The effect is dreamlike in an operetta sort of way and deliberately so. A storybook come to life but one which successfully combines the conventions of 19th century aristocratic propriety, (in which young women of quality do not walk out without their duennas) against 20th century show biz colloquialisms to great effect, (one thinks here of Mr. Kelly's delightful reference to a review in the "Trinidad Clarion comparing him to David Garrick","No Noose is Good Noose," and "You should try underplaying sometime."
The players are at the top of their form: Mr. Kelly is in full command of his powers here: his partnering with the Nicholas Brothers in "Be a Clown," as well as the "Pirate Ballet" (in which he pivots with a javelin against a cinnabar sky lit with explosions) almost literally take ones breath away.
But it is in "Ninia" that he achieves the most felicitous display of solo Terpsichore, with Robert Alton's choreography, Harry Stradling's fluid boom camera following his cat like moves over up and through the town, and the delightful Cole Porter lyric and melody, culminating in flamenco steps with torrid and tempting MGM contract dancers in and through the striped poles of a circular gazebo.
Of Miss Garland enough cannot be said. No more Betsy Booth! Manuela offers her a chance to broaden her range in a direction in which (sadly) she would never venture again.
Here her exasperated intonations wring humor out of every line and situation, "Oh Casilda I do wish you were a little more spiritual!" or "Do you call it fun to live in a tent? to go hungry ?, to be looked down on by all decent people?!" give full vent to the drollery the script affords. Indeed, she channels her trademarked nervous energy into her character in such a way, that she, (as "Parent's Magazine" noted in its review) gently spoofs some of her earlier film characterizations. Thus we get the Dorothy like: ("I know it, something dreadful is going to happen, something dreadful...") It's a performance that one cannot simply imagine any other actress playing. Thus, she claims the role and makes it her own.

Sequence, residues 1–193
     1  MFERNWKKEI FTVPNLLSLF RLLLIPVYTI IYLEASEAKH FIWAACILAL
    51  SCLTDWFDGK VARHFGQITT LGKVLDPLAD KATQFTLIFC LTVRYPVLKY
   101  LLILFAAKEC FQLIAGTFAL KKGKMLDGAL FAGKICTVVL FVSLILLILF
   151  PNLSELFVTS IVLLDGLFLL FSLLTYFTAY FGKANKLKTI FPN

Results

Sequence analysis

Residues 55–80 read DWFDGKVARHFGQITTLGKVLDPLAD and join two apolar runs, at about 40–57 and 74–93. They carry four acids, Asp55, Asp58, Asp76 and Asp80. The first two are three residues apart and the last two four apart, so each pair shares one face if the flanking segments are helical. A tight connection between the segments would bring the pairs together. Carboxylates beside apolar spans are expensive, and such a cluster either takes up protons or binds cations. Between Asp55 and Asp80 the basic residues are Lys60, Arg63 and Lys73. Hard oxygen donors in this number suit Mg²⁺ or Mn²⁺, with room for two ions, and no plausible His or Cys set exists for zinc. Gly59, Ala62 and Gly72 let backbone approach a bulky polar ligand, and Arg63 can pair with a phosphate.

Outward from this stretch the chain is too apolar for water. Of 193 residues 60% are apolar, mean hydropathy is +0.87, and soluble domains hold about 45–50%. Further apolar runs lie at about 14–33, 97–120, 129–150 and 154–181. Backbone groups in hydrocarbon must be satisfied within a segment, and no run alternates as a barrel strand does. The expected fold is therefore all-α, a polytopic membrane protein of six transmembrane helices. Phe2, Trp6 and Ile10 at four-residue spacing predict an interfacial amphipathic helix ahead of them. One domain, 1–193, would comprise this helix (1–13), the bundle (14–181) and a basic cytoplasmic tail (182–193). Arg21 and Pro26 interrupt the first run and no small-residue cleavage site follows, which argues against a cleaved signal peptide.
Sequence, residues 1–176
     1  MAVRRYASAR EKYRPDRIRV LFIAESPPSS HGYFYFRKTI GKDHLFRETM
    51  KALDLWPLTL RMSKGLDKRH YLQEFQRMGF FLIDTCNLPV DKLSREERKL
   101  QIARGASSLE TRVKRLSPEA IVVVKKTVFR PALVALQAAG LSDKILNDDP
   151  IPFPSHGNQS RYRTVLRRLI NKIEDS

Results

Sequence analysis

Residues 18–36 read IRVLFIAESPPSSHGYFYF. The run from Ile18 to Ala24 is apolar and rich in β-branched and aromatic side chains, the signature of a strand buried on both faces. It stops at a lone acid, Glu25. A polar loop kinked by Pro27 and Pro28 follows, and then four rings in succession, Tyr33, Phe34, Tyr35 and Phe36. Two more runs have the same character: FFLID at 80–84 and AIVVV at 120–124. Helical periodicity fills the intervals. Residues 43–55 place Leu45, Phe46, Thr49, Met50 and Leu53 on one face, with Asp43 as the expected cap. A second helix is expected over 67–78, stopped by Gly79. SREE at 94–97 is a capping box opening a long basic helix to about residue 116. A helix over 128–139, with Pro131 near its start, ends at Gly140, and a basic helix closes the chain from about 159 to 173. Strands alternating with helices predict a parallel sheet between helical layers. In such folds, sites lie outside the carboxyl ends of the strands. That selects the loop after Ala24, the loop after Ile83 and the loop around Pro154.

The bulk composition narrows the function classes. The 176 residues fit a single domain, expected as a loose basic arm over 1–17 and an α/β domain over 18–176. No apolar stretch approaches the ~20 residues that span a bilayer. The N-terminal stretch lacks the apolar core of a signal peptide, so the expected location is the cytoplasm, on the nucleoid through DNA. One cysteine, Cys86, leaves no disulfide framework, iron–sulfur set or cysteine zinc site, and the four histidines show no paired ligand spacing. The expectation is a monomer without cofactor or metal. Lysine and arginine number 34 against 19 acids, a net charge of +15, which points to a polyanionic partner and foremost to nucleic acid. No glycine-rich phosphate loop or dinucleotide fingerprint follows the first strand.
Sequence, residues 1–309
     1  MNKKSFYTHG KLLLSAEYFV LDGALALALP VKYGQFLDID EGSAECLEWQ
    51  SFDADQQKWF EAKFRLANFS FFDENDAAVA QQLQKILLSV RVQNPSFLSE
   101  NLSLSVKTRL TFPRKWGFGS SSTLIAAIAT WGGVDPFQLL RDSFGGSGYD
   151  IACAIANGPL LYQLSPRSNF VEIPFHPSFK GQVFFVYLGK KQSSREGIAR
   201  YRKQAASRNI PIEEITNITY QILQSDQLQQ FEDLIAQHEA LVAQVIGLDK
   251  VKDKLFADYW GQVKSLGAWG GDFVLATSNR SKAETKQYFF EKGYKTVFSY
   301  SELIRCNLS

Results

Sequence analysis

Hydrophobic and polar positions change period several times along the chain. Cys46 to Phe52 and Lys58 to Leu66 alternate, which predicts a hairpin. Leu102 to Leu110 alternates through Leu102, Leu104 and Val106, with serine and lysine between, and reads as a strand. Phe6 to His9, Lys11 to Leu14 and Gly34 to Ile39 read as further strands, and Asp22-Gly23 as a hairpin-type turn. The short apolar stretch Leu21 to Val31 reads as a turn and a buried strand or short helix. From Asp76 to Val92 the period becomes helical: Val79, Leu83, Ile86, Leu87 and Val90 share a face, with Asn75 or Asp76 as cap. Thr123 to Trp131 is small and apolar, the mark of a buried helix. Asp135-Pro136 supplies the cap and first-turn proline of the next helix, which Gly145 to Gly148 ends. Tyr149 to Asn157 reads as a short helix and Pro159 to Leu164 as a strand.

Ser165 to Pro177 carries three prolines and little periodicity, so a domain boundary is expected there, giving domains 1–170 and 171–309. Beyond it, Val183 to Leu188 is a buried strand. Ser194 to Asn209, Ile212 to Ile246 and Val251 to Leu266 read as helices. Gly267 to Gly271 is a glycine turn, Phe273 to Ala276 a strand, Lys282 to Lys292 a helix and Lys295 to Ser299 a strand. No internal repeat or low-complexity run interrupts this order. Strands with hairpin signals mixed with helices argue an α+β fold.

And who can forget the scene where she pretends to believe Serafin is Macoco once she has discovered the deception, "I can see us now, you with your cutlass in one hand and your compass in the other, shouting orders to your pirate crew, and I, I spurring you on to greater and greater achievements, won't that be magnificent?!" to which she pounds her fist against the table with sugar dipped venom.
Musically she is also a delight from start to finish.
Moreover, she has never been seen to such pictorial advantage in the post war period as she is here, gowned by Tom Keogh and Madame Karinska in one of the most arresting (and beaded!) wardrobes she ever wore on screen, and just as importantly, effectively coiffed throughout, (most particularly in the "Love of My Life" sequence where she is adorned with a coral diadem and matching earrings.)
Similarly, her close-ups are meltingly lovely, such as the nightgown clad scene wherein she begs Gladys Cooper to take her to Port Sebastian, "I'll make him a good wife Aunt Inez--really." (what a vision in feminine charm she is here!) or slightly later when, clad in a broad brimmed straw hat she gazes upon the Caribbean, or perhaps best of all, with a conch shell at her ear, and under hypnosis, she whispers of Macoco to dazzled interlocutors.
Supporting players are top of the mark, and it is interesting to see Garland interact with Gladys Cooper and horror veteran George Zucco.
After it was completed, MGM relegated Garland back to formula vaudeville hokum, but thankfully "The Pirate" was already in the can. Musical film scholar Douglas McVay has declared it to be the best musical film of 1948. He's right. See it to find out why.